Jennie’s family go through some hard times & she moves to Cleveland with Bass to look for work, leaving Vesta behind with her mother. Surprisingly, her father becomes besotted with his granddaughter, insisting on having her baptized & looking after her devotedly. Jennie begins working as a maid for a rich family & she is pursued by a friend of the family, Lester Kane. Lester is in his 30s, working in his father’s carriage making business but a little bored & at a loose end. He’s not interested in marrying any of the suitable young ladies of whom his family approve. Lester’s relationship with his brother, Robert, is also difficult. They have completely different temperaments & Robert’s ideas for running the business don’t always meet with Lester’s approval. Lester & Jennie are immediately attracted to each other & she eventually agrees to go to New York with him & become his mistress. Jennie tells her mother the truth but lets her father think she’s going to be married. She doesn’t tell Lester about Vesta & the longer she waits, the harder the confession becomes. Jennie finds it easier to convince herself that she can keep Vesta a secret & that her father doesn’t need to know about her unmarried state. She knows that she is not being honest but she’s frightened of the consequences. Both Lester & Jennie are indecisive & this drifting is one of the main problems in their relationship. Lester isn’t just a rake, he loves Jennie but not enough to defy convention & marry her. He enjoys Jennie’s company & is proud to be seen with such a beautiful woman although he’s careful to keep Jennie in the background of society, setting her up in houses in different towns where he can visit her on business trips. He admires her virtues even while he takes advantage of her, & refuses to give her the status of his wife.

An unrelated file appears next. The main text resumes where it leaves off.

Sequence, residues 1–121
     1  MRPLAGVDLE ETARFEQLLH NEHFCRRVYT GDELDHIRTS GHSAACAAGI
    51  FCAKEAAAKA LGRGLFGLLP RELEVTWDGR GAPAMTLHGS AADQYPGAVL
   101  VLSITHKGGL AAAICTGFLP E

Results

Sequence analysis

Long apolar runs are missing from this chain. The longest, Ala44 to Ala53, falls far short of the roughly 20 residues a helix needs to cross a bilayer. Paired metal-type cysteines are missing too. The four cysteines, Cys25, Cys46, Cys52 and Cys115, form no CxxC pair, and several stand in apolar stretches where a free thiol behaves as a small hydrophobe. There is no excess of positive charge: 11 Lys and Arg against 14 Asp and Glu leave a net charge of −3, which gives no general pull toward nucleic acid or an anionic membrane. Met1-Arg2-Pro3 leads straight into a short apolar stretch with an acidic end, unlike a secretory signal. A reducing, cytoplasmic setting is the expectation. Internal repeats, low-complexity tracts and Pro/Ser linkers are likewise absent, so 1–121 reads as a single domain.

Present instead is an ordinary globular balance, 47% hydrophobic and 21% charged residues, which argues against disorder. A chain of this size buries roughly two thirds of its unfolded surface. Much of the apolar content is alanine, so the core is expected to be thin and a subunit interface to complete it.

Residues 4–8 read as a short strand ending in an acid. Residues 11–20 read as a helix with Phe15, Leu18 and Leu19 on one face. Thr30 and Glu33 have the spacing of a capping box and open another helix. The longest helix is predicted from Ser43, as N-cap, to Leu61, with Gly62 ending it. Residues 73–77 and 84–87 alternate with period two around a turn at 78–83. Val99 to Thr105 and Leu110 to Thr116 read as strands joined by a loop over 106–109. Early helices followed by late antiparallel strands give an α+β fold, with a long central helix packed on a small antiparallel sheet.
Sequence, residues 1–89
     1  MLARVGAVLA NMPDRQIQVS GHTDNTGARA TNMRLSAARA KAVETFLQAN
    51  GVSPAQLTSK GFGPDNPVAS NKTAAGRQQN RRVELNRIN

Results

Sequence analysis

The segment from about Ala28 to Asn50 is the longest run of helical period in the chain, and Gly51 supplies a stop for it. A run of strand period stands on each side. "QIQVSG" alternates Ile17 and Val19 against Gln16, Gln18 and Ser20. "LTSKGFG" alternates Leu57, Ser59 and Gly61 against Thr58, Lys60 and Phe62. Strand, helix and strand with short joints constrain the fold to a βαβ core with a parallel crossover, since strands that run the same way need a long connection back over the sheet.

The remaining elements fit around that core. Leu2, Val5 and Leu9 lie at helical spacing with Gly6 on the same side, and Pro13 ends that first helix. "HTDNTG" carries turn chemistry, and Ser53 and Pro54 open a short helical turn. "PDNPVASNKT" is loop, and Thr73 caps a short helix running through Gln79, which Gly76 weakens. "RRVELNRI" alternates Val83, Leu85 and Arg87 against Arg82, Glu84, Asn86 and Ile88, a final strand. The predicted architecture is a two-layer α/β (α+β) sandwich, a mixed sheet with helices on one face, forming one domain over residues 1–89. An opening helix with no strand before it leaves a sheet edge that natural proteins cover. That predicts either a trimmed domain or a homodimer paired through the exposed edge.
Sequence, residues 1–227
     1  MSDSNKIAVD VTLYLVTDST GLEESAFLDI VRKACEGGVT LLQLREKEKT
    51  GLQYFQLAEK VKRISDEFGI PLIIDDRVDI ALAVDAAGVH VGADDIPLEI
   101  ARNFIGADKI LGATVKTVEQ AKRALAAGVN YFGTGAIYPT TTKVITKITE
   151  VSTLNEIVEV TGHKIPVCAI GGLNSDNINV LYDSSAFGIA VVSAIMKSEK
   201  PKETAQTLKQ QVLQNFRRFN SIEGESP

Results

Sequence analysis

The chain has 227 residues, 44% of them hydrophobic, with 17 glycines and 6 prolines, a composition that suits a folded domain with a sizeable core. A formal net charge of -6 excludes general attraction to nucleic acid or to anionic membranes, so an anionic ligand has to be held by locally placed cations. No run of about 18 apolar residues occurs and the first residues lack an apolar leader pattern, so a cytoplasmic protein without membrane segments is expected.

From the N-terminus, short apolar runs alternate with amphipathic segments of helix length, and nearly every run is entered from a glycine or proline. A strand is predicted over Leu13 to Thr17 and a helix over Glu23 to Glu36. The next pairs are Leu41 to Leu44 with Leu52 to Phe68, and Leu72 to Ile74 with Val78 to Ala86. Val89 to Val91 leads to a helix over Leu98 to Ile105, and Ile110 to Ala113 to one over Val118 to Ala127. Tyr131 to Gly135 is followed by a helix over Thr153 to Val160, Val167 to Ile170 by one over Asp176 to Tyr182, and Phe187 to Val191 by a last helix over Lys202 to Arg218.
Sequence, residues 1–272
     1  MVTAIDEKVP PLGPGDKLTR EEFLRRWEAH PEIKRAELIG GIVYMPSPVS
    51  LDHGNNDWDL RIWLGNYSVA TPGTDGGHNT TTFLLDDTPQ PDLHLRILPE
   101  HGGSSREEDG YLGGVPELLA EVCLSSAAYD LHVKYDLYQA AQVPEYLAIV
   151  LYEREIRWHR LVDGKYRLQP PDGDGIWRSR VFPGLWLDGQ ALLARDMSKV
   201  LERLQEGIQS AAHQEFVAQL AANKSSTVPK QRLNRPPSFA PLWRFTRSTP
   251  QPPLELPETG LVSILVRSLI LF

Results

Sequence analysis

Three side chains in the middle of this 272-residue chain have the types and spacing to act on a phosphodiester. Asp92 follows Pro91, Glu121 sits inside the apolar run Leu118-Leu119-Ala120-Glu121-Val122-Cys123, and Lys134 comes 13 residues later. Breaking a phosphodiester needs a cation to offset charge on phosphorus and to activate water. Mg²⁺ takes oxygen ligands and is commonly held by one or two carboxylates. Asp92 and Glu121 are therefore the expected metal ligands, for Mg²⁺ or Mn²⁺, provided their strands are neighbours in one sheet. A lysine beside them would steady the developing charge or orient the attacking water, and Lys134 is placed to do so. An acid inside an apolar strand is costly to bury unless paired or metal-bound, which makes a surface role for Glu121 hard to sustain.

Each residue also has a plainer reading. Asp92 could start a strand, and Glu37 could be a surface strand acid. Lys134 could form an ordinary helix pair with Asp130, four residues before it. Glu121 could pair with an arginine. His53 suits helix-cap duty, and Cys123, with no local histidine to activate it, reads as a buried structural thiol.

She’s a woman of a curious temperament. She possesses a world of feeling and emotion. She’s not educated in the sense in which we understand that word, but she has natural refinement and tact. She’s a good housekeeper. She’s an ideal mother. She’s the most affectionate creature under the sun. Her devotion to her mother and father was beyond words. … She hasn’t any of the graces of the smart society woman. She isn’t quick at repartee. She can’t join in any rapid-fire conversation. She thinks rather slowly, I imagine. Some of her big thoughts never come to the surface at all, but you can feel that she is thinking and that she is feeling.